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Costly Truths (c) Maggie Williams Richmond 2022
Early morning, and the wharves at the port of Leith, enveloped in the haar, are as busy as ever. Fishermen are unloading their catch onto the quayside. Carters hurry to and fro between vessels and vaults, laden with wine, whisky, and brandy. Wagons loaded with sacks of grain from the continent are carried to the local mills. Merchants and mariners huddle together clogging the lanes, bargaining, arguing, haggling, before heading off to the taverns to celebrate their deal. The Water of Leith itself, larger than a burn, smaller than a river, has twisted and curled all the way from its rising in the Pentland Hills, passing through gorges and puddocky shallows. Inhabited by trout, flounder, and grayling, eels and loaches, minnows and sticklebacks, its banks are the haunt of wagtails and woodpeckers, dippers and herons. Widening as it weaves its way past villages, mills, and merchants’ houses, at last it reaches the King’s Wark and the Shore, where, higher and more piercing than the creak of the boats and the chink-chink-chink of the running rigging, hungry gulls scream, plummeting to snatch and gobble whatever the traders and fisher-folk let fall.
More accustomed to anchoring at a mooring a little way out, and shuttling cargo and passengers back and forth in small skiffs, the Oosterschelde, a three-masted square-rigger, is being warped towards the pier. The kedging anchor has been dropped and the crew are pushing the capstan bars round, winding the stout rope tighter and tighter, until they reach the quay and the lines can be tied off. It has taken hours, and Will, pacing anxiously on deck,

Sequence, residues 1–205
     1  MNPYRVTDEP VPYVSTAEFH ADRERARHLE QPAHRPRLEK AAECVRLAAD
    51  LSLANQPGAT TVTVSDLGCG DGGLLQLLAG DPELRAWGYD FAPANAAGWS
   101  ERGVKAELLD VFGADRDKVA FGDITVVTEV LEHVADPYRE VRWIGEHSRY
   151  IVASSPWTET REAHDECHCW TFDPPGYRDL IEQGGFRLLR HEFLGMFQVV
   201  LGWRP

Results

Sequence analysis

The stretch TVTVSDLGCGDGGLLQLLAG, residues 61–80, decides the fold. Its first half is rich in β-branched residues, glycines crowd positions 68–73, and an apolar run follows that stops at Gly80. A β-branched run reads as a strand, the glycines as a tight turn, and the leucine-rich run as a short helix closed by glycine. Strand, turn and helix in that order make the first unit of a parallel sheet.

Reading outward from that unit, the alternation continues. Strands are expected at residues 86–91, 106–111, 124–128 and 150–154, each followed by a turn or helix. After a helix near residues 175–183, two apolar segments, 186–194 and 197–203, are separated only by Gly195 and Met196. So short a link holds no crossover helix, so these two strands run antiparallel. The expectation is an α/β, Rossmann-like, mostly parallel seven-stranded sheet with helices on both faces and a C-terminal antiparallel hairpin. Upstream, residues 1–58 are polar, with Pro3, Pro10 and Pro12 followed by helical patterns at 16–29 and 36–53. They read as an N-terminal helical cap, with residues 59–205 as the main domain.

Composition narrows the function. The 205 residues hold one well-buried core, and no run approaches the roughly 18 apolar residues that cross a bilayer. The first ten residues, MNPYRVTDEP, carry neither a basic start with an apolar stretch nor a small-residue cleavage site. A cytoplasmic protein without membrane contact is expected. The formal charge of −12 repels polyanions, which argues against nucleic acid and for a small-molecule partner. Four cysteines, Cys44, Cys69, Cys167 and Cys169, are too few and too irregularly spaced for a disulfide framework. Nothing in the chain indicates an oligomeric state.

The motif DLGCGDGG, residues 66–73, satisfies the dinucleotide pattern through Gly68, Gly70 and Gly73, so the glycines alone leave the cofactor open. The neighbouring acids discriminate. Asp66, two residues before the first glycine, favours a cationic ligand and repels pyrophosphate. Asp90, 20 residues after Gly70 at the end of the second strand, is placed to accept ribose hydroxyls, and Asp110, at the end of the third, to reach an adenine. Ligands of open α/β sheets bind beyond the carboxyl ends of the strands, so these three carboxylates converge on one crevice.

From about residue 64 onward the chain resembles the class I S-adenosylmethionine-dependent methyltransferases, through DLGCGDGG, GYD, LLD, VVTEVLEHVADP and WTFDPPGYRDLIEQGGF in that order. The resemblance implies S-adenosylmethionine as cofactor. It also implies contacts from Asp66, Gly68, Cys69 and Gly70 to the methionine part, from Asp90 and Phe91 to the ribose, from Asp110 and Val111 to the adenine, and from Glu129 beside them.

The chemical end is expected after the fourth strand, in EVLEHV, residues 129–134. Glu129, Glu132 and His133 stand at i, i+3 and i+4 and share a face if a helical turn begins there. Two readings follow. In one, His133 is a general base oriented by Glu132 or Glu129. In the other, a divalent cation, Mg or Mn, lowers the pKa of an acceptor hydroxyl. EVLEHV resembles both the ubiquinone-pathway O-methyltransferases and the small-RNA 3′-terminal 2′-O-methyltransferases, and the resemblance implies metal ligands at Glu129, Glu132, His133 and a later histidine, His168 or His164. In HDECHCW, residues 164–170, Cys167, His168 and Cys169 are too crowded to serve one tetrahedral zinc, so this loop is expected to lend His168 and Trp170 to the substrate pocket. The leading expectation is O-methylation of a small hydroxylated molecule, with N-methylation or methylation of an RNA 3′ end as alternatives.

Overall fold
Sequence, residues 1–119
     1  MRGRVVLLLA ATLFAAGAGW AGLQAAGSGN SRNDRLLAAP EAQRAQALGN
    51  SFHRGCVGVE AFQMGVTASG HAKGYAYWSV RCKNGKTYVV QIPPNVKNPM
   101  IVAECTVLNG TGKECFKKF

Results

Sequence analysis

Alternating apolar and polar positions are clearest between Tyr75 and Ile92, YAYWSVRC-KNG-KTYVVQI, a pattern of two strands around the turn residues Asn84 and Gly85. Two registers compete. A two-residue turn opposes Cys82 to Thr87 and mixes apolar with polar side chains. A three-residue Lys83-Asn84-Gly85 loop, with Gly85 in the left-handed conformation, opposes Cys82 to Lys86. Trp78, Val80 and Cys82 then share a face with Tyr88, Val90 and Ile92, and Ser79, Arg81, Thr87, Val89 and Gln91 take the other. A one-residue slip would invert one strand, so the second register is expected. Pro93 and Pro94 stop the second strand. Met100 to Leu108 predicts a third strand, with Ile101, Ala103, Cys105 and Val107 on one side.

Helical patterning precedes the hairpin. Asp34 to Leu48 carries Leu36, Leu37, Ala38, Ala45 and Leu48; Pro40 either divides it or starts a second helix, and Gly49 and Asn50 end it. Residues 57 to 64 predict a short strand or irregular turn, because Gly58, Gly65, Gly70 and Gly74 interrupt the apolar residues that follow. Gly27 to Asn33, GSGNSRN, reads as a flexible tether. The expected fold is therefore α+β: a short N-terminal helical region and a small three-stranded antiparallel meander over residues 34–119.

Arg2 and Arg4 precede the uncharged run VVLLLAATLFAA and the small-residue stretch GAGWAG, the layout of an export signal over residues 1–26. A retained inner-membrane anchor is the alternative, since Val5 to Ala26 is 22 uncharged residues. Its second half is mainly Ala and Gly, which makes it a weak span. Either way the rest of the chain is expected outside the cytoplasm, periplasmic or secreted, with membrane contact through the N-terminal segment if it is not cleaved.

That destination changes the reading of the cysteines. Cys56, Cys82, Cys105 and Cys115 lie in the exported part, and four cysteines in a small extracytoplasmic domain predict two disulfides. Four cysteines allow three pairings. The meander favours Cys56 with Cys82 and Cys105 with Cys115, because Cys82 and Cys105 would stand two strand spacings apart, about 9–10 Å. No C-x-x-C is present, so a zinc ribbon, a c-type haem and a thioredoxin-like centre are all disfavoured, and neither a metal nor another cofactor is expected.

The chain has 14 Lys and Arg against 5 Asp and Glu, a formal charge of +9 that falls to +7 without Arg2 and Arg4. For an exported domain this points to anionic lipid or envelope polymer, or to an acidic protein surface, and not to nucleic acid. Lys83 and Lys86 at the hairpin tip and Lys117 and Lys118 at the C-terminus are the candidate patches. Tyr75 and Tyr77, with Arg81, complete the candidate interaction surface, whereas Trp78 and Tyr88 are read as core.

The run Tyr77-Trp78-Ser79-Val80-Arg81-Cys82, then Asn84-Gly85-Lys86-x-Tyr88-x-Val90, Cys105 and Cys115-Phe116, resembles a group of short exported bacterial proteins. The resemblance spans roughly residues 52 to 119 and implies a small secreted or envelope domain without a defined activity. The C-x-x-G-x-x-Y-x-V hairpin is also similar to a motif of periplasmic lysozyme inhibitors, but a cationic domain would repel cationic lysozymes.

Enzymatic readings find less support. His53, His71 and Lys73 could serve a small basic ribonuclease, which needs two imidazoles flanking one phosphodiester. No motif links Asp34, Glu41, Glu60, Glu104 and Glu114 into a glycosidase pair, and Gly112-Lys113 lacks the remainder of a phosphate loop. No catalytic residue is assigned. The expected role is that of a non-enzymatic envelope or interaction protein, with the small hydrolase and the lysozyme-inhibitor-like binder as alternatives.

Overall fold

can barely contain his anxiety. The Captain approaches him.
‘It is done, mijn vriend. We kunnen let down your broer nu.’
‘He’s still out. Shall I go first?’
‘Ja. The mennen will fix the lijnen to the, what are you calling it, de brancard? Stretcher, ja?’
Slowly, slowly, the inert form is lowered over the side. The crew, well accustomed to loading and unloading crates and cannon, make it look easy. Will, his eyes fixed on the stretcher, holds his breath, and is startled when someone speaks from behind him.
‘Are ye needing a hand, sir? I’ve a cart here for hire? Take ye and yon laddie to the Trinity hospital?’
‘Ach, that’d be grand if you could. It’s my brother.’
‘Dinnae fash yersel. We’ll have him safe there in a trice. Back from yon Netherlands are ye?’
‘Aye. We …’
Will is about to explain, but the carter has darted off, to ensure the crew bring their fragile cargo to the right cart.
Two miles away, wiping her mouth with a damp rag, Geillis Jamesoun tips the foul vomit into the gutter outside the back door, swills out the pail, and replaces it in the corner of the kitchen.
Ugh! This morning sickness is going on and on, she thinks. Isn’t it supposed to have stopped by six months? It did with the others! Mebbe it’s a girl this time and that’s why it’s different. Ah, that’d be nice. Fifth time lucky perhaps?
Pushing her hair behind her ears, Geillis flops with relief onto the three-legged stool by the fire, reaches for a watered-down dram to clear the foul taste from her mouth, and tentatively nibbles on an oatcake. The sweet smoky smell from the peat stack soothes and comforts her. Closing her eyes, she imagines herself back at Ma Mayne’s wooden-framed cottage where she grew up, the uneven texture of the wattle and daub walls, the small movements of the thatched roof, the sounds of the squabs nestling among the rafters, and the chooks squawking in the yard.